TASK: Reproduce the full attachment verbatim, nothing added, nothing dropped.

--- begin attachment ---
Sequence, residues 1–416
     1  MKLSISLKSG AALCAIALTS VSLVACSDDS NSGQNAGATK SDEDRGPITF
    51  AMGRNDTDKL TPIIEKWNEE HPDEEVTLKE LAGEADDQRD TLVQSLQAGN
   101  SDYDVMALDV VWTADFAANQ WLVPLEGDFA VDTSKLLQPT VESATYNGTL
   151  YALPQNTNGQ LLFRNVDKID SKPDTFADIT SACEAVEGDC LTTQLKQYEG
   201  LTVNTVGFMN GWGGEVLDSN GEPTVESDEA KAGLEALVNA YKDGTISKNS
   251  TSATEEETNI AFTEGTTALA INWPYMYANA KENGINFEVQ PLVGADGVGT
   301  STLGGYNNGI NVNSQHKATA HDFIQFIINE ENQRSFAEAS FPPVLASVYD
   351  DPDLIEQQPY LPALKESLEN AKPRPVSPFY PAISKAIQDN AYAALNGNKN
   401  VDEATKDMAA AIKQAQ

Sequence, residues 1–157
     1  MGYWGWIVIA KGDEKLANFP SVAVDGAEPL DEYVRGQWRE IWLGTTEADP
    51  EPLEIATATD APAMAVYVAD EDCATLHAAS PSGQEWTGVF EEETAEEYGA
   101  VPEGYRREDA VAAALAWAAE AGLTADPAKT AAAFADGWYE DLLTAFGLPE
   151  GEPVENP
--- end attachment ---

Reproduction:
Sequence, residues 1–416
     1  MKLSISLKSG AALCAIALTS VSLVACSDDS NSGQNAGATK SDEDRGPITF
    51  AMGRNDTDKL TPIIEKWNEE HPDEEVTLKE LAGEADDQRD TLVQSLQAGN
   101  SDYDVMALDV VWTADFAANQ WLVPLEGDFA VDTSKLLQPT VESATYNGTL
   151  YALPQNTNGQ LLFRNVDKID SKPDTFADIT SACEAVEGDC LTTQLKQYEG
   201  LTVNTVGFMN GWGGEVLDSN GEPTVESDEA KAGLEALVNA YKDGTISKNS
   251  TSATEEETNI AFTEGTTALA INWPYMYANA KENGINFEVQ PLVGADGVGT
   301  STLGGYNNGI NVNSQHKATA HDFIQFIINE ENQRSFAEAS FPPVLASVYD
   351  DPDLIEQQPY LPALKESLEN AKPRPVSPFY PAISKAIQDN AYAALNGNKN
   401  VDEATKDMAA AIKQAQ

Sequence, residues 1–157
     1  MGYWGWIVIA KGDEKLANFP SVAVDGAEPL DEYVRGQWRE IWLGTTEADP
    51  EPLEIATATD APAMAVYVAD EDCATLHAAS PSGQEWTGVF EEETAEEYGA
   101  VPEGYRREDA VAAALAWAAE AGLTADPAKT AAAFADGWYE DLLTAFGLPE
   151  GEPVENP